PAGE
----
Reema Hakim (College of Medicine, King Abdulaziz University, Department of Anesthesia & Critical Care, Jeddah, Saudi Arabia)
Abeer Arab (College of Medicine, King Abdulaziz University, Department of Anesthesia & Critical Care, Jeddah, Saudi Arabia)
Background: Health literacy has become a common serious safety concern worldwide (Williams, et al. 1995). Studies from Saudi Arabia found that the population's level of awareness regarding common diseases was low (Aljoudi, et al. 2009). Furthermore, the methods used to deliver health related information are limited and lack appeal. Therefore, the aim of this project was to utilize novel and appealing media modalities such as radio stations and social media networks as portals to patient education and hence patient safety. Summary of work: As part of the Patient Safety Module, a mandatory course for final year medical students at King Abdulaziz University, we brainstormed ideas for multiple radio advertisement sketches of which the best four were chosen to be executed. Colorectal cancer, breast cancer, and hypertension were addressed. The advertisements were designed to consist of two parts, an attractive scenario, followed by two to three sentences of simple narration about the desired disease.
ABSTRACT BOOK: SESSION 9 TUESDAY 27 AUGUST: 1600-1730
The ads would then conclude with our motto (Awareness: Your Right, Our Duty) and reference to a Facebook page for further detailed reading. Afterwards, we prepared a budget proposal, gained sponsorship for producing the ads, and are currently working on the airing process. On the long run, we mainly aim for the project to be adopted nationally in order to ensure continuity and expansion, therefore, reflecting positively on the overall health literacy and on the quality of patient safety.
Conclusions: Small curriculum projects can blossom into altruistic services to the community with adequate nurturing.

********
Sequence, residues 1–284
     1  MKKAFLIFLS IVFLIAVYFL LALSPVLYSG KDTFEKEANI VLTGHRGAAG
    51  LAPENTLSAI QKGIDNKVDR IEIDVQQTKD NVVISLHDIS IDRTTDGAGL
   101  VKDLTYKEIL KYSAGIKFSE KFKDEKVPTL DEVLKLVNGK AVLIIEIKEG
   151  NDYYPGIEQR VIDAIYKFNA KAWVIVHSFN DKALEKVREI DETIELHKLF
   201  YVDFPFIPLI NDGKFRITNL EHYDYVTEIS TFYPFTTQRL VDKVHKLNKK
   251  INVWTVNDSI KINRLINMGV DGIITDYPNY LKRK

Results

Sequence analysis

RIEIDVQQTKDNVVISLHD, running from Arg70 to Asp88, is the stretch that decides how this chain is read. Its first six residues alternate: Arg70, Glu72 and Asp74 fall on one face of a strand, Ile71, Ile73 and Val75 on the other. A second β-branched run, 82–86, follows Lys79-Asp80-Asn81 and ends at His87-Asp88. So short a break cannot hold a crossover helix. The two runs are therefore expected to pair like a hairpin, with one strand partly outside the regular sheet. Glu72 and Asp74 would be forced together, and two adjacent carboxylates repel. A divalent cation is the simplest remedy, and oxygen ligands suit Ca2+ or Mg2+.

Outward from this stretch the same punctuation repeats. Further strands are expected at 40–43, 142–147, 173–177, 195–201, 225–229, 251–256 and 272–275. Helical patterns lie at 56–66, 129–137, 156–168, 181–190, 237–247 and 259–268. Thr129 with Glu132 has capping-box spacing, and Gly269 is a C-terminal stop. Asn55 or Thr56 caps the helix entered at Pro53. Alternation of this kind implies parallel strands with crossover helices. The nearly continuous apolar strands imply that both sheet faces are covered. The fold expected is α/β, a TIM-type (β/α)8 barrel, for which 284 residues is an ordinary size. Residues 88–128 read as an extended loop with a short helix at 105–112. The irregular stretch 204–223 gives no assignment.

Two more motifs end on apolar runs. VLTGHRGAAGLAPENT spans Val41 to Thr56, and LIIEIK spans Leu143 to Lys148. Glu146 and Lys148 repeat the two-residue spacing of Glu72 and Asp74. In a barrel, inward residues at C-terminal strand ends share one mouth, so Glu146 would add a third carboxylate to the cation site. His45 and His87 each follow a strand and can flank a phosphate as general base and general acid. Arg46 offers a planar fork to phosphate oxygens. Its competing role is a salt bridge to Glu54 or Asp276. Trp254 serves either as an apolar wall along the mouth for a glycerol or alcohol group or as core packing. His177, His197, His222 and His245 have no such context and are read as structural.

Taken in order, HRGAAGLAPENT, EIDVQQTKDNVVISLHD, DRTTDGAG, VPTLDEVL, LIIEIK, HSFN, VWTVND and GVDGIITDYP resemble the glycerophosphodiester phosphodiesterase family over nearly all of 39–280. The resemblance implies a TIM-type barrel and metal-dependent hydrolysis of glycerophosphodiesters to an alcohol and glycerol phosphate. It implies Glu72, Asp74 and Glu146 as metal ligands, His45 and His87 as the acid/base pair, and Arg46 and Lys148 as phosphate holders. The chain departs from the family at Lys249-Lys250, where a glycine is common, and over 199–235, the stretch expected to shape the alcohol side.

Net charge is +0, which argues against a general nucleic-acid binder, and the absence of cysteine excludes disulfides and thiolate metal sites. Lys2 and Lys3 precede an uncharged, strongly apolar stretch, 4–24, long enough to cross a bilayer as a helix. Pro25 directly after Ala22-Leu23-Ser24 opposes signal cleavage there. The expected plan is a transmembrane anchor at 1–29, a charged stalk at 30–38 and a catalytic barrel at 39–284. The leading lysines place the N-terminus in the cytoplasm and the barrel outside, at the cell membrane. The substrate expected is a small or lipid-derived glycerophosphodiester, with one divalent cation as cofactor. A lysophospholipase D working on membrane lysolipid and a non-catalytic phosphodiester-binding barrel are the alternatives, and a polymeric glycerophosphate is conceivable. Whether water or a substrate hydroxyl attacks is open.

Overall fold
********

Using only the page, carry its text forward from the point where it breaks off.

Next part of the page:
Mapping the Canadian Patient Safety Competencies to residency rotational objectives: the process, strengths and gaps
Andrea Hunter (McMaster University, Pediatrics, Hamilton, Canada)
Heather Bhan (McMaster University, Pediatrics, 51-100 Beddoe Dr., Hamilton L8P4Z2, Canada) Moyez Ladhani (McMaster University, Pediatrics, Hamilton, Canada)
Jonathan Gilleland (McMaster University, Pediatrics, Hamilton, Canada)
Pierrette Leonard (Canadian Patient Safety Institute, Canadian Patient Safety Institute, Ottawa, Canada) Nancy Winslade (McGill University, Pharmacy, Montreal, Canada)
Background: The Canadian Patient Safety Institute (CPSI) Safety Competencies (SC) are addressed in varying degrees within pediatric residency programs to create physicians who practice in a culture of patient safety. Through mapping to the CPSI SC, the strengths and gaps of the program's safety curriculum could be identified. Summary of work: Pediatric resident evaluation criteria for rotations and CanMEDS courses were mapped to the SC using software developed by CPSI. Educational sessions were not included as they do not include evaluation criteria.
Summary of results: 20 rotations were mapped over two days. Within the program there was strong emphasis on SC related to communication with team members, patient advocacy, and team collaboration. Gaps included patient safety core theories, defining and reporting adverse events and identifying safeguards in prescription writing. Mapping the evaluation criteria highlighted areas within the CPSI SC that are not assessed within our residency program; however, some of the gaps identified are taught in the educational sessions, but not specifically evaluated. Conclusions: Through mapping to the CPSI SC, strengths and gaps of resident assessment were identified. Inclusion of content taught in educational sessions is needed to comprehensively assess the completeness of the residency program safety curriculum. This mapping process may be helpful in analyzing residency program curriculum and assessment for other objectives, such as